This piece originally appeared in Local Edition, our newsletter following the digital transformation of local news. Want to be part of the conversation? You can subscribe here.
On Monday, the Pulitzer Prizes offered a peek into the past — not the distant past, but, like, the last year past.
Maybe not. It’s hard right now to even remember what day it is. But the winners and finalists of the Pulitzers were a reminder of the power of journalism in general and the power of local journalism in particular.
Out of 15 awards, local news won six and had 10 finalists, including:
- The Anchorage (Alaska) Daily News with work that brought local neglect to light and “spurred an influx of money and legislative changes.”
- The (Louisville, Kentucky) Courier-Journal with coverage of the governor’s last-minute pardons, “showing how the process was marked by opacity, racial disparities and violations of legal norms.”
- The Baltimore Sun with reporting on Baltimore’s mayor and her “lucrative, undisclosed financial relationship” between her and a public hospital system.
- The Seattle Times (in the national category, but c’mon, this was built on local reporting) with its coverage of what went wrong with the Boeing 737 Max.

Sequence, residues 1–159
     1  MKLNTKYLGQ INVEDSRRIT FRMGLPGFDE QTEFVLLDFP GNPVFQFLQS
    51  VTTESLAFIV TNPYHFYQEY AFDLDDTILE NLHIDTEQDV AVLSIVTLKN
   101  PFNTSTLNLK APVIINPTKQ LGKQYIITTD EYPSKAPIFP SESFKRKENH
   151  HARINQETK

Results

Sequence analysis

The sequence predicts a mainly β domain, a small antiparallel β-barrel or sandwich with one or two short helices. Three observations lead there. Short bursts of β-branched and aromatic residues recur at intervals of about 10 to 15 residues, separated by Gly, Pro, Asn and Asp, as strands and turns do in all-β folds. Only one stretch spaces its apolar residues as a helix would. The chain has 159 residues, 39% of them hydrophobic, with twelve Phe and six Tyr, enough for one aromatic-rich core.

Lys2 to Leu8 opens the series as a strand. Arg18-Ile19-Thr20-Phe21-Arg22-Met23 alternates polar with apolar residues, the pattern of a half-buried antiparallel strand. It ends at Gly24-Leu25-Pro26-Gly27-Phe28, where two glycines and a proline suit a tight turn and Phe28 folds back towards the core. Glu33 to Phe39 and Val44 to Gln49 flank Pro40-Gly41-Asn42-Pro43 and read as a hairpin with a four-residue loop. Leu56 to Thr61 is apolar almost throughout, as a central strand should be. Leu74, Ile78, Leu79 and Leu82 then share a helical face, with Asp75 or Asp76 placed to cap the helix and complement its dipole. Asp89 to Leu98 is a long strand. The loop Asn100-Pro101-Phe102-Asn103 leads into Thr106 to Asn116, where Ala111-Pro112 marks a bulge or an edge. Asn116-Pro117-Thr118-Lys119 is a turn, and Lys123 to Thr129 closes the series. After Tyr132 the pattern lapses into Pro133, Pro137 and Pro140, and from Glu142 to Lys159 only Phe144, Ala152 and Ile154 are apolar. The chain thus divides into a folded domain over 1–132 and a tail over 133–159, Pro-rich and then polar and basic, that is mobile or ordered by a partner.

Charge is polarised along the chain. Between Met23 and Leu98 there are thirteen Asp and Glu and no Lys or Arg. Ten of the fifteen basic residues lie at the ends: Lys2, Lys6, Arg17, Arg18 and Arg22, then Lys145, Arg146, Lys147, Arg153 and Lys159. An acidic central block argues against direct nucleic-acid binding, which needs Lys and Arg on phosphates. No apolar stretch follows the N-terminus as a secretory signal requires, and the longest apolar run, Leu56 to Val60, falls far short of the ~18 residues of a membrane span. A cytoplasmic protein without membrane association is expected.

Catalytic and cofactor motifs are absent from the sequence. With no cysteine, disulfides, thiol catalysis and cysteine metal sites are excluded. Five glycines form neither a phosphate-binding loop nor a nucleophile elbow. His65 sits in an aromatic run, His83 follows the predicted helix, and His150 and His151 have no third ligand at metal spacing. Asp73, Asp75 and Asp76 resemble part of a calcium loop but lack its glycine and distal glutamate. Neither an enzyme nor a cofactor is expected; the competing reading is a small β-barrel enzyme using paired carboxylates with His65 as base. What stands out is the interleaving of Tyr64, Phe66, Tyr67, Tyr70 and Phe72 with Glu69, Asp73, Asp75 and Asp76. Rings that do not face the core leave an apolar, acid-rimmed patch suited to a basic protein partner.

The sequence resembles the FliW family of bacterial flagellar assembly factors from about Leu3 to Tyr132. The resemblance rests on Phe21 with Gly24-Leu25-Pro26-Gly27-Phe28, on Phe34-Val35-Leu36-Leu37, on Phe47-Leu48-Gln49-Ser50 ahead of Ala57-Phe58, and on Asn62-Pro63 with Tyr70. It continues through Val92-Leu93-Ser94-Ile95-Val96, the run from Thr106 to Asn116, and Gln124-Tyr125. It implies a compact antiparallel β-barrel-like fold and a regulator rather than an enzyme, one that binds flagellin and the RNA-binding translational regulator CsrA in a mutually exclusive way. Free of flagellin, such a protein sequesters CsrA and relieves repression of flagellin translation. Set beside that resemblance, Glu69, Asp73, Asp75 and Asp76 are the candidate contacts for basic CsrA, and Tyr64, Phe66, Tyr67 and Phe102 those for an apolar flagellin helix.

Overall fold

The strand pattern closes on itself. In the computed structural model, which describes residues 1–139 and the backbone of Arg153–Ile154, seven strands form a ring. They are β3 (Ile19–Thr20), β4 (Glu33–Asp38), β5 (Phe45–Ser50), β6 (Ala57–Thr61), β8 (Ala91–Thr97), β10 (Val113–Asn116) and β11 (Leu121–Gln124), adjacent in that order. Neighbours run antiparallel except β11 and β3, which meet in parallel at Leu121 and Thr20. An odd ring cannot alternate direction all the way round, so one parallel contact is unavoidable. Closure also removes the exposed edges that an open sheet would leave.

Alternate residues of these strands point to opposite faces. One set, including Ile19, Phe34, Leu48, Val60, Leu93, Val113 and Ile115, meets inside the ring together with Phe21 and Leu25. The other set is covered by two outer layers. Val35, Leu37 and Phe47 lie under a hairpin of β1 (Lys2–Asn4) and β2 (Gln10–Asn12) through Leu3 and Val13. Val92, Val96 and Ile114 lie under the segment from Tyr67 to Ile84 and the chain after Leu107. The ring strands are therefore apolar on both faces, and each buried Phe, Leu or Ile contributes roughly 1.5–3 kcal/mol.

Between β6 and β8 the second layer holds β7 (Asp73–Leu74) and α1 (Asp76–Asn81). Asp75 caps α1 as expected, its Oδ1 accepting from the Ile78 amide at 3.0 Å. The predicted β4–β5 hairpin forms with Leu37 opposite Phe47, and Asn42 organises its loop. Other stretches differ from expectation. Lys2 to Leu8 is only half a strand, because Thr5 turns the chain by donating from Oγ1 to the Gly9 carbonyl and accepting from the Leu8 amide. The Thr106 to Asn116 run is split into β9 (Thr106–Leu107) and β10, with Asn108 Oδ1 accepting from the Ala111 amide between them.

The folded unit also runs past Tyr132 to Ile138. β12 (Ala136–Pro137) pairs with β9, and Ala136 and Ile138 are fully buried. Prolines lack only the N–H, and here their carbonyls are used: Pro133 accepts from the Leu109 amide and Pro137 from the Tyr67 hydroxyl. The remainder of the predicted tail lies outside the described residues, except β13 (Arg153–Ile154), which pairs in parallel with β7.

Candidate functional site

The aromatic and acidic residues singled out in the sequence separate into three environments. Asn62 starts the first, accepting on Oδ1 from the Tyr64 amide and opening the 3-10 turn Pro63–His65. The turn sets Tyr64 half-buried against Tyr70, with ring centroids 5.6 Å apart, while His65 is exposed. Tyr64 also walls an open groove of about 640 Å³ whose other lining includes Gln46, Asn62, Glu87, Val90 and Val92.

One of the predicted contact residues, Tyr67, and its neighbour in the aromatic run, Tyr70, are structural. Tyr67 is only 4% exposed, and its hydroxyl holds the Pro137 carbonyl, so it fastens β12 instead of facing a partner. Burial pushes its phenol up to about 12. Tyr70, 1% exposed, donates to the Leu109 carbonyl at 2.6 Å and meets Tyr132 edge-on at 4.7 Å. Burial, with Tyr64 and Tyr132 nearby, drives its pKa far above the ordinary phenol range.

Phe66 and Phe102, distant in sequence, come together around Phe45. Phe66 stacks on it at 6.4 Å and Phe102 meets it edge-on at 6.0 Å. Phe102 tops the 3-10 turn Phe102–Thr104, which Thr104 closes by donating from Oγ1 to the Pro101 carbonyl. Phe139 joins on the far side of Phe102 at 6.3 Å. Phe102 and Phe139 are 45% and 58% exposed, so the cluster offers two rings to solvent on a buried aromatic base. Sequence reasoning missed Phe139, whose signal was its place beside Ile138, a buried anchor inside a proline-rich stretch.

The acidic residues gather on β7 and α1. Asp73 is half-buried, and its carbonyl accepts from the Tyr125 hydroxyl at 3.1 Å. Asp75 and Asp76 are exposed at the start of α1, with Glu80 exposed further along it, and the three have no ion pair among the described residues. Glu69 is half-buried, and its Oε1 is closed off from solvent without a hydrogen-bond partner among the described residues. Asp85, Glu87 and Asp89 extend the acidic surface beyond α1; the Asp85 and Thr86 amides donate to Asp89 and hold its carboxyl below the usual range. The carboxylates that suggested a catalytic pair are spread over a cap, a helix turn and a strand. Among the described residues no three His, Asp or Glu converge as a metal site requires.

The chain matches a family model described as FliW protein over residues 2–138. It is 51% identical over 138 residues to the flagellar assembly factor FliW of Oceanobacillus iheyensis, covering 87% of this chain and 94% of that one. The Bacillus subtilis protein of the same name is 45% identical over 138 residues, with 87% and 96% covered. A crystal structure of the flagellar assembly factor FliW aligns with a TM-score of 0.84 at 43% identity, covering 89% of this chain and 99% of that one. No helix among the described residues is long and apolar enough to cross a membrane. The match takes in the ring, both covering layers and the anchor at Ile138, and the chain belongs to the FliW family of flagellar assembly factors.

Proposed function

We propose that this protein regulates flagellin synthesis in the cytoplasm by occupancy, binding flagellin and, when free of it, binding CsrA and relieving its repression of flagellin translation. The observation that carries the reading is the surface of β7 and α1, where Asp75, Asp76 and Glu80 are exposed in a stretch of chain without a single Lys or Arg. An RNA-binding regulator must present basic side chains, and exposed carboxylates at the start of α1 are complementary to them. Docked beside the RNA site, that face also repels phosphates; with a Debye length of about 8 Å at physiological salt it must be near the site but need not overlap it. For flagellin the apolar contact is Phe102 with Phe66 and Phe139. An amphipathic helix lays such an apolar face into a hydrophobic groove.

- The Los Angeles Times “for work demonstrating extraordinary community service by a critic, applying his expertise and enterprise to critique a proposed overhaul of the LA County Museum of Art and its effect on the institution’s mission.”
- And the Palestine (Texas) Herald-Press “for editorials that exposed how pre-trial inmates died horrific deaths in a small Texas county jail — reflecting a rising trend across the state — and courageously took on the local sheriff and judicial establishment, which tried to cover up these needless tragedies.”
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We’re living in a crisis now. It’s one that has sped up the decline of many local newsrooms while simultaneously counting on their work. But this Pulitzer-winning work is a message in a bottle from the past — a reminder that local journalism matters all the time, not just when the world is scary and awful.
It’s a reminder that local news isn’t just worth supporting and protecting because it’s serving us in these ongoing life-and-death times, but that local journalists and newsrooms are there, poking around the dark corners of government, politics, police, industry and community, when the rest of us are living our lives.
Kristen Hare covers the transformation of local news for Poynter.org and writes a weekly newsletter on the transformation of local news. You can subscribe here. Kristen can be reached at firstname.lastname@example.org or on Twitter at @kristenhare.